Britain, for instance, in a typical act of banditry, obtained a treaty of the cession of Lagos with King Dosunmu in 1861 only to depose Kosoko in order to take control of prime Lagos Victoria Island.

Of course, the Fulani, after conquering Gobir, the star city of the Hausa states in 1804, Ilorin in 1823 was set for Lagos until their caravan was stopped in Osogbo by the Ibadan army in 1838.

But it was a temporary set-back. Revealing Lagos was their ultimate goal, Ahmadu Bello in 1953 after an encounter with street ruffians who at Iddo train station referred to him and his northern delegates as British stooges for rejecting Enahoro’s “motion for independence in 1956”, swore when next he would be coming to Lagos, he would come with his sword to complete his grandfather’s interrupted journey to the sea.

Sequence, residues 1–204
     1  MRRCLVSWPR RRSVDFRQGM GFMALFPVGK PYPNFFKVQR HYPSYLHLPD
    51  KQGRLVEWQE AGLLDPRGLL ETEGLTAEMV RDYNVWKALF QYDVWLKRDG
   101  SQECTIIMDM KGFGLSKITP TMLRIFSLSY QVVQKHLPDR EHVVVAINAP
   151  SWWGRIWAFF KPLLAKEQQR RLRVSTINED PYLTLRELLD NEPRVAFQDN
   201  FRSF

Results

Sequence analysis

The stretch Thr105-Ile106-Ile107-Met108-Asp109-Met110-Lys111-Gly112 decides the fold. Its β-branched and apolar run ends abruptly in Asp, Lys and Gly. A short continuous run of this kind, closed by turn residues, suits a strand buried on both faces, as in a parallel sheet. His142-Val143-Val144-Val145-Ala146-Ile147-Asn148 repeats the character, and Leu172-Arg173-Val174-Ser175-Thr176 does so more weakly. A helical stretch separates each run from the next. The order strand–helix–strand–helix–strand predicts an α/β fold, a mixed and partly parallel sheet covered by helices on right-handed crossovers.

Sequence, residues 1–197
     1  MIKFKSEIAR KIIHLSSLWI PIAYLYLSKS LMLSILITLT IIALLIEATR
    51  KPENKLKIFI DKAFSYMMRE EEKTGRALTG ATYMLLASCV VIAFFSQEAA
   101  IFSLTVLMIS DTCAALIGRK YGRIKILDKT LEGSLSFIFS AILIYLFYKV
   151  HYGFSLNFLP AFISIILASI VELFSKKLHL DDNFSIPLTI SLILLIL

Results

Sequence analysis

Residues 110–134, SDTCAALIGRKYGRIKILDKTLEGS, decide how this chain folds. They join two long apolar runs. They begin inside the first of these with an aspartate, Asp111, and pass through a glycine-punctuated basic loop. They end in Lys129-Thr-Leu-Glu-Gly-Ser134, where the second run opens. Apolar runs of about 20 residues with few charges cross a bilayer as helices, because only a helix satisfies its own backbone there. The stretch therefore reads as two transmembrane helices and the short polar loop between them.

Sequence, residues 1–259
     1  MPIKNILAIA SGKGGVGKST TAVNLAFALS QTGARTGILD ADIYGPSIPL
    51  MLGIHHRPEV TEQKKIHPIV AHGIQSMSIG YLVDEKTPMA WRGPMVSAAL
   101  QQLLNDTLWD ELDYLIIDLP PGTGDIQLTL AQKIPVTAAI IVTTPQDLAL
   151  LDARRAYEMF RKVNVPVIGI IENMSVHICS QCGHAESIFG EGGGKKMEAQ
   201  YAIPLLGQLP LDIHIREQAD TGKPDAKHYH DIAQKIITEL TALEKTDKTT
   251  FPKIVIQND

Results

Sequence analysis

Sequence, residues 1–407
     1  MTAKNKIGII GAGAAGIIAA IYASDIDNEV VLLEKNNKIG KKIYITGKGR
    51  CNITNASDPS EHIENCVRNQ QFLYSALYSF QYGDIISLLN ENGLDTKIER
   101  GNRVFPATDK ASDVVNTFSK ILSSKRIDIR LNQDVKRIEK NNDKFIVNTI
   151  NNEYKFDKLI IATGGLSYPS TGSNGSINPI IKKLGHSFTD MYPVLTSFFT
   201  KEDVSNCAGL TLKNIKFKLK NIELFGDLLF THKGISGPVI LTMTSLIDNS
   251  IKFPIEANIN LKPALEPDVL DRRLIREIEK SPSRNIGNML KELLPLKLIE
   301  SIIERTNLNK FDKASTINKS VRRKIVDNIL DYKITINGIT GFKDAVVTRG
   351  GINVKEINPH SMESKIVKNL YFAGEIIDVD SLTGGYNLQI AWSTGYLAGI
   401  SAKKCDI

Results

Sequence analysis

It was instructive that when Lagos became a federal territory, successive ministers for Lagos affairs from Alhaji Ribadu, Yar’Adua, Kontagora, Barnabas Gemade and Adisa were all from the north.

Following her seizure by Igbo after January 1966 night of many knives, it was retrieved July 1966 by Murtala Mohammed, Danjuma and Gowon after paying Igbo back blood for blood in Ibadan, Abeokuta and Lagos.

Murtala Muhammed, their leader, after ferrying their wives and children to Kaduna in a hijacked British Airways aircraft threatened to sink Lagos with dynamite and pull the north out of the federation until he was talked out of his momentary madness by British and American diplomats who jointly convinced him that secession by the north from Nigeria at that period would be suicidal.